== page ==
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My encounters with the Pacific rim prove oceans apart

Published 8 May 2005
News Review
618th article

Michael Winner with Ian Pengelley, far left, and staff at Pengelley's (Charles Brooks)

The first time I went to Pengelley's, a swish, newish restaurant on Sloane Street, I liked it. The second time I most certainly didn't.

It's one of those Pacific rim - are they Chinese or are they not? - places. The first-floor room is low-ceilinged and gloomy. At one end there's a wall displaying what the chef-owner, Ian Pengelley, described as homo-erotic art.

When my friend Michael Caine arrived he said: "I've got someone's bum facing me. Was it up there before or was it put up for our benefit?" His wife, Shakira, preferred the first, larger table we were offered. "It's too bloody late now," said Michael. So we stayed put. I think he was right.

To the table we'd left came my ex-gardener (honest!) A A Gill. Well, it's nice to see the staff having a night out.

Michael, ever observant, noticed some of the tables had cloths (ours did) and some did not. "Perhaps it's half price over there," he mused.

On this visit we all thought the food was excellent. We had prawn pitaki, dim sum dumplings, scallops, tempura, shitake mushrooms, steamed halibut, caramelised pork chop with chilli vinegar, beef rib-eye with something or other.

Don't ask me to explain each dish. In general I was happy.

"The Duke of York is nice, isn't it?" said Michael. That's the pork to you who are ignorant.

Ian Pengelley was the opening chef at e&o in Notting Hill, still one of my favourite restaurants. Then he waited a long time to find his own place, and this is it. Financed by Gordon Ramsay's company, owned by Ian Pengelley. "I majored in desserts," I advised Ian as the main course plates were being cleared. "You want a good review, give him a lot of chocolate," Michael Caine suggested.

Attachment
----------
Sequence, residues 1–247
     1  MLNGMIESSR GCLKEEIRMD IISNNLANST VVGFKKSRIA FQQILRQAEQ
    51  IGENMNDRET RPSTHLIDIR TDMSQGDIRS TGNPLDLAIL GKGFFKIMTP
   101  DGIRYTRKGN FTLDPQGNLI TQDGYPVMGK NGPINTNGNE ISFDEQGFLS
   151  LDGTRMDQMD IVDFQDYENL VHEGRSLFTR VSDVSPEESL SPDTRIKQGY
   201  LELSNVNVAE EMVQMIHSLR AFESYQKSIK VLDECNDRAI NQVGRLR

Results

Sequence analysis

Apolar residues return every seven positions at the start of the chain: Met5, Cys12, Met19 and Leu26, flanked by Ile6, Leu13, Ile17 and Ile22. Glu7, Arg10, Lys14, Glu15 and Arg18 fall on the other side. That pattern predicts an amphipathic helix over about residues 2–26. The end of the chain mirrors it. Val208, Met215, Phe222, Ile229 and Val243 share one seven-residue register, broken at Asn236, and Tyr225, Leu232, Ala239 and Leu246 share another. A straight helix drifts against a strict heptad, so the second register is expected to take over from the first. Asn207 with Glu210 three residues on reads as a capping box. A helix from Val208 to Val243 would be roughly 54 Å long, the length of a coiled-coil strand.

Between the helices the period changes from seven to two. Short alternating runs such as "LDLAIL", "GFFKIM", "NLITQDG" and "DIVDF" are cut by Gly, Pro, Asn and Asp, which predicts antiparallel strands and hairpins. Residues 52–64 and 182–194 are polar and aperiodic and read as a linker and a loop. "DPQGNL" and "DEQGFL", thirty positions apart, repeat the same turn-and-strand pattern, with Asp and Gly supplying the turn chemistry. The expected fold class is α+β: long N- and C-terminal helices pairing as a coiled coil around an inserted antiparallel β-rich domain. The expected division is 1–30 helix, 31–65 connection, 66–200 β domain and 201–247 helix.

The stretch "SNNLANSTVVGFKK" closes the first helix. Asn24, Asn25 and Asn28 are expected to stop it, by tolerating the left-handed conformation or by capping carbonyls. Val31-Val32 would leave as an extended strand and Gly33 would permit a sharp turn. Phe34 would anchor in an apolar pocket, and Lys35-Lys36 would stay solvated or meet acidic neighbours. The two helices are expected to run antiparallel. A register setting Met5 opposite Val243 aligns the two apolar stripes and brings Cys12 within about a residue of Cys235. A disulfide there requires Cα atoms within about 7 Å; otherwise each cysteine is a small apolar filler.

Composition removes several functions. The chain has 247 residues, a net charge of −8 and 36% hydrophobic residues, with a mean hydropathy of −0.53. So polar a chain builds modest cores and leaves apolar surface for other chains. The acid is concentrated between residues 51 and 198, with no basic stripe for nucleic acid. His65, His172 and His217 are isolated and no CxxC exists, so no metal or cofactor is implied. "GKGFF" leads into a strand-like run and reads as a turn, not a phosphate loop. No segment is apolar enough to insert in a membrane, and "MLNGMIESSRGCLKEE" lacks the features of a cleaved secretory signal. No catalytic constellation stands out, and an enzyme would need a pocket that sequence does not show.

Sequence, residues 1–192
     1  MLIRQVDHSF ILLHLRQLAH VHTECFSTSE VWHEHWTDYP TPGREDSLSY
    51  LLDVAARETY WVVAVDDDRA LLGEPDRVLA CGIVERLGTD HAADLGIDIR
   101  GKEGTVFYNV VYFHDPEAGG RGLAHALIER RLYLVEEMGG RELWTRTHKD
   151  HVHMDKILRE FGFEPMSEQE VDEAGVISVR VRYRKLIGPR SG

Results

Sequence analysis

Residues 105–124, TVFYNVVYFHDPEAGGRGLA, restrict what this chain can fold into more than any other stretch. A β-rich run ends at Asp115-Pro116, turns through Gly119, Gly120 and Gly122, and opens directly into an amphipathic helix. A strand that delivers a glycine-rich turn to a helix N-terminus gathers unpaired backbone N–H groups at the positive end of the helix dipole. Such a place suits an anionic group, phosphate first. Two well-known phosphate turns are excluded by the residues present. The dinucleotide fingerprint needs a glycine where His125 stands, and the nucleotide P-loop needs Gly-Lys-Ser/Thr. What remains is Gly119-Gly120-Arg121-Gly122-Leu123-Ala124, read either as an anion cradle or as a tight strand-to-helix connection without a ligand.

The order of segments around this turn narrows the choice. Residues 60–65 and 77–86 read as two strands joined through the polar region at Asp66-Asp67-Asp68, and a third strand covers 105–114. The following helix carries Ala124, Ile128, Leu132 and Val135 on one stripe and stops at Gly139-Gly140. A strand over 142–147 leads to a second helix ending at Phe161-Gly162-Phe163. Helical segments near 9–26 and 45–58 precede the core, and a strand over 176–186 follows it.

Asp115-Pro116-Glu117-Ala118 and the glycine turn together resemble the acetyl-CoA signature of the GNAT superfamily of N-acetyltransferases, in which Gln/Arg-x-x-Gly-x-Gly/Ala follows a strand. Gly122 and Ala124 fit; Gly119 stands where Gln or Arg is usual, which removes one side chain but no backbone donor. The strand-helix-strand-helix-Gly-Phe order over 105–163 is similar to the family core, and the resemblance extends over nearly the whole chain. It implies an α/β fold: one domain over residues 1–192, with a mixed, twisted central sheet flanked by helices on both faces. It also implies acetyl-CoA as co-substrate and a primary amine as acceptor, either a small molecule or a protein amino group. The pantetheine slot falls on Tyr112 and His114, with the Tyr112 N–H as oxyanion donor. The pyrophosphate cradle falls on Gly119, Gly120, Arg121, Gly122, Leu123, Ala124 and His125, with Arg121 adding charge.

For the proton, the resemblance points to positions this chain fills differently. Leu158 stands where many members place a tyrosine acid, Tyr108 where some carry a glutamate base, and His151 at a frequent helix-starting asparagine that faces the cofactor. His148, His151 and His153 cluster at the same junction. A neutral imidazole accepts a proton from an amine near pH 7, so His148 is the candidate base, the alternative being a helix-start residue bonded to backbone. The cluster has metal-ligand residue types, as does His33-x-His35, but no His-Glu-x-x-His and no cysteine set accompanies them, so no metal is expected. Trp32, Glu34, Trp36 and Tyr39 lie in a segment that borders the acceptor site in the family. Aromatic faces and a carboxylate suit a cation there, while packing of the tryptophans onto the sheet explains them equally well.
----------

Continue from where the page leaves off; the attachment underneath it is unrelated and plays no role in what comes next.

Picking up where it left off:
The desserts were okay. The service was good. Except I asked for ice on the table.

I kept looking round and there wasn't any.

Obviously I liked the place because later I took my friend Nicholas Cowell, brother of Simon, and his wife, Katie, mother of baby Georgia.

Paola and I arrived first. We studied the menu. After some time I said to the restaurant manager: "You should have interesting cocktails here." "We do," he said. "Where are they? Why are they not known to the guests?" I asked. "We have a cocktail list but we don't like to give it out because we don't want people to have too much to read," said the restaurant manager. That is the most stupid remark anyone has ever made to me in any restaurant in my entire life.

When Nicholas and Katie arrived we sat for a while. Then Katie asked: "Why are there only two menus between four people?" I told the restaurant manager there were four of us and unless they were saving on menus, could we please have one each.

Later in the meal I looked round for the ice I'd asked to have on the table and, as on my Michael Caine visit, there wasn't any. What's wrong with these people? A trained gorilla could serve ice in a bowl. Why can't they?

When people say to me: "You never get bad service because they're all on red alert when you come in," I can respond: "They weren't at Pengelley's. They were on sleep non-alert."

We none of us liked the food much. This time I thought it lacked focus. There was no item which said: "I'm special. Like me." It was all mushy-wushy, if you get my drift.